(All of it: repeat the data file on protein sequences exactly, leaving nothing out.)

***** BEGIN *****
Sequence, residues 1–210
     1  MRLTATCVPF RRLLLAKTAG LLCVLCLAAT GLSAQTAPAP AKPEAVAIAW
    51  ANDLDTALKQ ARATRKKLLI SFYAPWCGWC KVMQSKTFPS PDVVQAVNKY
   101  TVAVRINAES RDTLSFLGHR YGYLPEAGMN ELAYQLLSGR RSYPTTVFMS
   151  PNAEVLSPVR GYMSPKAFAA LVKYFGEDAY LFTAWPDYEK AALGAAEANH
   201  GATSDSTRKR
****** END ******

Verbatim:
Sequence, residues 1–210
     1  MRLTATCVPF RRLLLAKTAG LLCVLCLAAT GLSAQTAPAP AKPEAVAIAW
    51  ANDLDTALKQ ARATRKKLLI SFYAPWCGWC KVMQSKTFPS PDVVQAVNKY
   101  TVAVRINAES RDTLSFLGHR YGYLPEAGMN ELAYQLLSGR RSYPTTVFMS
   151  PNAEVLSPVR GYMSPKAFAA LVKYFGEDAY LFTAWPDYEK AALGAAEANH
   201  GATSDSTRKR